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This article is from the In-Depth Report The Future of Deep-Space Exploration
See Inside December 2011

This Way to Mars: How Technologies Borrowed from Robotic Missions Could Deliver Astronauts to Deep Space

By adapting ideas from robotic planetary exploration, the human space program could get astronauts to asteroids and Mars cheaply and quickly

For some, the real lesson of robotic exploration might be that we should not send people at all. If NASA’s only goal was scientific discovery, robotic probes would certainly be cheaper and lower risk. Yet NASA is tasked with more than just science; science is only one aspect of a broader human impulse to explore. Space exploration has wide appeal because of a desire for ordinary people to experience it firsthand someday. Robotic probes are just the first wave of solar system exploration. Government-funded human missions will be the second wave, and the third will be private citizens seeking their fortune and adventure in space. NASA’s past investments developed the technology that is fueling today’s commercial space race, with capsules launching to the space station and space planes jetting over the Mojave Desert [see “Blastoffs on a Budget,” by Joan C. Horvath; Scientific American, April 2004]. NASA can now develop the technology that we will need to push deeper into the beyond.

Flexibility Is the Watchword
Three basic principles govern the course we recommend. The first is the “flexible path” approach that the Augustine commission advocated and that President Obama and Congress accepted. This strategy replaces the old insistence on a fixed path from Earth to moon to Mars with an extensive selection of possible destinations. We would begin with nearby ones, such as the Lagrangian points (locations in space where an object’s motion is balanced by gravitational forces) and near-Earth asteroids.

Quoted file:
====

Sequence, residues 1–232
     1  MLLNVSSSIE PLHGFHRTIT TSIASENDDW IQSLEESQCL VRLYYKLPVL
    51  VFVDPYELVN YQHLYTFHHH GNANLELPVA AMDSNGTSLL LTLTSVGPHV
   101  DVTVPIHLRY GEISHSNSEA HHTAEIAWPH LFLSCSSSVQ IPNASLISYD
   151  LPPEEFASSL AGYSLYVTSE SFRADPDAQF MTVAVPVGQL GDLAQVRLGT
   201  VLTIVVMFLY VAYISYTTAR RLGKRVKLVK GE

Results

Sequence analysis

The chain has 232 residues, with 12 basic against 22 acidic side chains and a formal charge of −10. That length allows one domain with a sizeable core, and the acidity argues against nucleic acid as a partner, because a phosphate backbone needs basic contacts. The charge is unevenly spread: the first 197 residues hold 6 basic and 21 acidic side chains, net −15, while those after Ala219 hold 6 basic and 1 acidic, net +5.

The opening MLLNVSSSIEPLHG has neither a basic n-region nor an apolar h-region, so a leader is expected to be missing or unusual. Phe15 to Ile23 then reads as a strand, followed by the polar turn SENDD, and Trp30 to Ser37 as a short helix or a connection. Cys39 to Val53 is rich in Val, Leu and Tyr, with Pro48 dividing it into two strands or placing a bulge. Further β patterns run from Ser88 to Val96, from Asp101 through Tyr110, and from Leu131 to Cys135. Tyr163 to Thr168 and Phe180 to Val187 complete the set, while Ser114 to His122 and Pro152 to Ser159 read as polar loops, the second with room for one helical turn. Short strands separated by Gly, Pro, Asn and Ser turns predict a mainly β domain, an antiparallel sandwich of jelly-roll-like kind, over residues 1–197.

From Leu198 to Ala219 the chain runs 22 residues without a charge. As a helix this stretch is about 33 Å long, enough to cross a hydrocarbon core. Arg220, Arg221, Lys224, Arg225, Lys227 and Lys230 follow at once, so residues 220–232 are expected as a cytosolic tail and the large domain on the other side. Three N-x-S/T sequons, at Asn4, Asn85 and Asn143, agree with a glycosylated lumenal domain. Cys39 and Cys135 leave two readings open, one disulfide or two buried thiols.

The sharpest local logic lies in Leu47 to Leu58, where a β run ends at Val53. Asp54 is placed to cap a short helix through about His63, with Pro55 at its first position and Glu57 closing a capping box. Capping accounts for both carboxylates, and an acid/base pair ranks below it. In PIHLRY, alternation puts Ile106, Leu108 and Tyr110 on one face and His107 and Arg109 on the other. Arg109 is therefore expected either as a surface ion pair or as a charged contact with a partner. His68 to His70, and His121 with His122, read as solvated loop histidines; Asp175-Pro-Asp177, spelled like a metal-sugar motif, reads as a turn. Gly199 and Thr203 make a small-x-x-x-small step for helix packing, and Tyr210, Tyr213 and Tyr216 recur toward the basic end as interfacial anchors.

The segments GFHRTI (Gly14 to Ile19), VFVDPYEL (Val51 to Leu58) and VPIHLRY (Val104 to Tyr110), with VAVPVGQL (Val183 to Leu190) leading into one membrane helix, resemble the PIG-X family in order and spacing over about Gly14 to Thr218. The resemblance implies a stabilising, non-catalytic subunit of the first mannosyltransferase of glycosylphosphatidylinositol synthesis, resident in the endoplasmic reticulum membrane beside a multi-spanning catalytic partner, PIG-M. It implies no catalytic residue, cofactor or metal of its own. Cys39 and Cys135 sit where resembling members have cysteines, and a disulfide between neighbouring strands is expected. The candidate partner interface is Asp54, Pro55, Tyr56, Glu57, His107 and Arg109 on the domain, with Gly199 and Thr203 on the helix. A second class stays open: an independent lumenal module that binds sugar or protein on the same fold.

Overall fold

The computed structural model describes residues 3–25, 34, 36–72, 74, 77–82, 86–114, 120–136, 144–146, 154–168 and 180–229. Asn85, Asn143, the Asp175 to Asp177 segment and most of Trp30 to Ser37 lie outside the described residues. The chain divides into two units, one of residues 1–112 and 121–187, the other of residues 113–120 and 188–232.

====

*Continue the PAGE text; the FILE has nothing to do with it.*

The flexible path calls for new vehicle technologies, notably electric propulsion. We propose using Hall effect thrusters (a type of ion drive) powered by solar panels. A similar system propelled the Dawn spacecraft to the giant asteroid Vesta and will, by 2015, carry it onward to the dwarf planet Ceres [see “New Dawn for Electric Rockets,” by Edgar Y. Choueiri; Scientific American, February 2009]. Whereas traditional chemical rockets produce a powerful but brief blast of gas, electric engines fire a gentle but steady stream of particles. Electric power makes the engines more efficient, so they use less fuel. (Think space Prius.) Because the price of this greater efficiency is lower thrust, some missions can take longer. A common misperception is that electric propulsion is too slow for crewed spaceflight, but there are ways around that. The idea that emerged at our first brainstorming session was to use robotic electric propulsion tugs to place chemical boosters at key points in a trajectory like a trail of bread crumbs; once the trail is laid, astronauts can set out and pick up the boosters as they go along. In this way, missions get the fuel efficiency of electric propulsion while keeping the speed advantage of chemical propulsion.

Crucially, electric propulsion saves money. Because the ship does not need to lug around as much propellant, its total launch mass drops by 40 to 60 percent. To first order, the price tag of space missions scales linearly with the launch mass. Thus, slimming the mass by half could cut the cost by a similar fraction.

Many space enthusiasts wonder why we would bother visiting an asteroid when Mars is everyone’s favorite destination. Actually asteroids are the perfect targets for an incremental approach toward reaching Mars. Thousands are sprinkled through the gap between Earth and Mars, providing literal stepping-stones into deep space. Because asteroids’ gravity is so weak, landing on one takes less energy than reaching the surface of the moon or Mars. It is hard enough to mount a long interplanetary expedition—six to 18 months—without also having to develop elaborate vehicles to touch down and blast off again. Asteroid missions let us focus on what, in our estimation, is the most complex (and still unsolved) problem for humans ever to venture far from Earth: learning how to protect astronauts from the deleterious effects of zero gravity and space radiation [see “Shielding Space Travelers,” by Eugene N. Parker; Scientific American, March 2006]. As NASA gains experience dealing with the hazards of deep space, it will be in a better position to design vehicles for Mars surface missions.

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